“Prepare Yourselves, Robots Will Soon Replace Doctors in Healthcare.” At least that’s what Forbes published in July, 2017. I love dreaming about healthcare’s slick and digital future – whether it’s robots, AI or augmented reality. And walking the floor of any telemedicine conference it’s easy to get caught up in that three ring circus. But walk the halls of a typical hospital and the view is quite different.
I recently visited the Johns Hopkins emergency department in Baltimore to check out their new telemedicine set-up. The telemedicine cart looked and operated very similarly to others I’d seen. What stood out to me were the humble surroundings – no futuristic panel of screens, just a cart in a utility room – and the simple objective. According to Jun- aid Razzak, the emergency physician behind the project, the telemedicine cart was being used primarily to find out if tele-screening in the emergency department could effectively reduce the Left Without Being Seen (LWBS) rate. In other words, could a quick video consult with a doctor keep patients from leaving the emergency room when there happened to be a long wait? Razzak and his team are keeping it simple. Test this hypothesis, track the data, publish the data, and then scale to a few more facilities if it works.
Robots replacing doctors? It’s fun to talk about, but at Hopkins, the third best hospital in the nation according to U.S. News and World Re- port, telemedicine exists in the petri dish. How it performs “in the lab” will inform what happens next. It’s a slow a steady approach that eschews glitzy roll-outs.
Hopkins isn’t alone. To the north, Mount Sinai in New York City is putting virtual health- care strategies to the test. They’ve partnered with a start-up called Wellth, which applies behavioral economics to the problem of medication non-adherence. To put it simply, Wellth will pay you to take your pills, and Mount Sinai is testing to see whether their methods can reduce readmission rates for a specific set of patients. A simple, measurable objective that can guide future developments.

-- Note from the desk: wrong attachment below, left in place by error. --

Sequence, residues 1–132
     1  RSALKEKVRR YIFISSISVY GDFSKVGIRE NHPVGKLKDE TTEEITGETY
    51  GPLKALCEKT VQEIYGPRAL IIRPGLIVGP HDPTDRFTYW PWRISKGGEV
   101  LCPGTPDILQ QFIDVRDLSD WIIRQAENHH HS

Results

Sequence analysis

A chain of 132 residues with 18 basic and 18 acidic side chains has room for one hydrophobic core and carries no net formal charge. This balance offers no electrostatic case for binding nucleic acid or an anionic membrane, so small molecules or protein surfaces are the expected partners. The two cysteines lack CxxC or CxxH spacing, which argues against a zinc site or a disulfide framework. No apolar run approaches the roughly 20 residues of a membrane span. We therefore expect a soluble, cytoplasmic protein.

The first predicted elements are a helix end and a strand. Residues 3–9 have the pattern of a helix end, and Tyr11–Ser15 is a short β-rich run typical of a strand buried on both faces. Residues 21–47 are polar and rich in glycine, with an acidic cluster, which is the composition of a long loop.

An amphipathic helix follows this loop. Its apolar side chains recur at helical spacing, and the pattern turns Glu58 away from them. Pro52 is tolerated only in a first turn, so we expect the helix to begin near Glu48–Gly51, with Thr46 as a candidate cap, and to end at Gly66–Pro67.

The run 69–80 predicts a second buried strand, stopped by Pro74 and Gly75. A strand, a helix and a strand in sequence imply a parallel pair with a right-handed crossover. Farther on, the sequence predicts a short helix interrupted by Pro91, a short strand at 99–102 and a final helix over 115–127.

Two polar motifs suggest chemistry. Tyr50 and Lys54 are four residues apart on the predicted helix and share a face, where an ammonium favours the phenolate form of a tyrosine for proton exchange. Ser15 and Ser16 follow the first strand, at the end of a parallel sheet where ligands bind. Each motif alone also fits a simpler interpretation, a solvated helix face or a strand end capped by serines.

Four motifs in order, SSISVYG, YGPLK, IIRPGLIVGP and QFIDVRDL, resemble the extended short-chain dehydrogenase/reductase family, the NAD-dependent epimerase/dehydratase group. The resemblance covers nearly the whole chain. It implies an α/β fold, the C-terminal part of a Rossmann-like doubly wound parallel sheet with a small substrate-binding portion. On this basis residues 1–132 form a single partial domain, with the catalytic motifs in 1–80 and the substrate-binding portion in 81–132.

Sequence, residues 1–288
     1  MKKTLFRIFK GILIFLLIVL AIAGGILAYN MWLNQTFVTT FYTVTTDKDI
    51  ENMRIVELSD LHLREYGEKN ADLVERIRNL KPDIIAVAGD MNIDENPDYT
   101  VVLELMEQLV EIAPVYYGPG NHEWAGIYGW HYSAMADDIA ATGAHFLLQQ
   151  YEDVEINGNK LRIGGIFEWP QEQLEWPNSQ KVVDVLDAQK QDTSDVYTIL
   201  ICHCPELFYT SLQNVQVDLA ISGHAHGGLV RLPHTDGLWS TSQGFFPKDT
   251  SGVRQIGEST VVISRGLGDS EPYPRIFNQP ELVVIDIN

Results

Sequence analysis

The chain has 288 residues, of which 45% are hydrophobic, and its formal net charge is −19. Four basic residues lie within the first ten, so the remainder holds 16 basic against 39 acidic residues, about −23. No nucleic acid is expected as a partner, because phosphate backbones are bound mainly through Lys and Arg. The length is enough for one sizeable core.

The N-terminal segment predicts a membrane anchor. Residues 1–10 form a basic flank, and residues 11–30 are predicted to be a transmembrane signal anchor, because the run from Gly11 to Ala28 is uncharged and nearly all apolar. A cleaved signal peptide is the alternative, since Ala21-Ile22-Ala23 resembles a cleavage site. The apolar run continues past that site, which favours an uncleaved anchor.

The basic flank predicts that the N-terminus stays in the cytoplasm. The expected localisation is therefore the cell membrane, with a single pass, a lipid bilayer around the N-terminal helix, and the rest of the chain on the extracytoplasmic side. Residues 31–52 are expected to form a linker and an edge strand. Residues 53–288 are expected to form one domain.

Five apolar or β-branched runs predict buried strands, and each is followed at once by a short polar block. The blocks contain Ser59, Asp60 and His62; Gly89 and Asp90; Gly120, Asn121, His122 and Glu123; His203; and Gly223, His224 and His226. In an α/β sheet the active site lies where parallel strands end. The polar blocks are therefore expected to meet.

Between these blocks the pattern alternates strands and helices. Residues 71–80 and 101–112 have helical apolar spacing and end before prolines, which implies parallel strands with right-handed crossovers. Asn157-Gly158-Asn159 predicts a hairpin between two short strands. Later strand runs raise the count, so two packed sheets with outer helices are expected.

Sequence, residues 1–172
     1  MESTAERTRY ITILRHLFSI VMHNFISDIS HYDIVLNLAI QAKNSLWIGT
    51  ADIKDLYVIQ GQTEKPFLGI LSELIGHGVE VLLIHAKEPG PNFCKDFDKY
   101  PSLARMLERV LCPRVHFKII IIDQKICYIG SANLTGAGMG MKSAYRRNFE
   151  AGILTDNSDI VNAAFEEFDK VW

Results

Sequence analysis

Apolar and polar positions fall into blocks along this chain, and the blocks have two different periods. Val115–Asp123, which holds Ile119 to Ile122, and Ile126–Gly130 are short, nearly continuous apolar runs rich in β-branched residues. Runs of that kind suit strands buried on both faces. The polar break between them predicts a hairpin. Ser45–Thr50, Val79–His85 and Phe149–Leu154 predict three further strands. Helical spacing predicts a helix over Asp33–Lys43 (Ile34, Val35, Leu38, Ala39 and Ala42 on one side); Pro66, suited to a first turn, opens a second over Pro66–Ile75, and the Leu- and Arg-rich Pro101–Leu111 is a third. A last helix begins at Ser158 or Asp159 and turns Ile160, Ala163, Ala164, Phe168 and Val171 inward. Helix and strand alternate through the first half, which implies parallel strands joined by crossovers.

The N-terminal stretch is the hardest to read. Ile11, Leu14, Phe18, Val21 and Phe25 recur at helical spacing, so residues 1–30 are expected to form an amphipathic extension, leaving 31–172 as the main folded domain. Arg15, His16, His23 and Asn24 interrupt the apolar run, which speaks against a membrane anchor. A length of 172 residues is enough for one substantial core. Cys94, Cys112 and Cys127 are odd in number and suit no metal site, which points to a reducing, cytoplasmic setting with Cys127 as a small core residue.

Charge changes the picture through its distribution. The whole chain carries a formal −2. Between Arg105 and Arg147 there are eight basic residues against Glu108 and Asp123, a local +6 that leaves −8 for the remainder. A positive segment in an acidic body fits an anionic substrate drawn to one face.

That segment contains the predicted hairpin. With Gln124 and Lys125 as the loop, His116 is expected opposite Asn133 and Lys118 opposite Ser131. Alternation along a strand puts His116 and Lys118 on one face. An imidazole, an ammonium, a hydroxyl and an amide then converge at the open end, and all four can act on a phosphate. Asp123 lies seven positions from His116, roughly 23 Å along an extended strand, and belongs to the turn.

It should come as no surprise that intelligent folks at major healthcare institutions are playing SMART (Specific, Measurable, Achievable, Realistic, and Timely), yet in a market dominated by the hype of robots, smart watches and virtual reality, it’s good to see an institution tackle problems methodically, with an eye towards evidence-based medicine.
Will all home care nurses eventually wear augmented reality glasses? Will you receive your prescription by drone? I don’t know. We can take nothing for granted about what form telemedicine will take going forward. Therefore we must test, fail, test again, iterate, then try it all over again. We must gather data, then we must share the data.
If that leads to robots replacing doctors, so be it! But I have my doubts.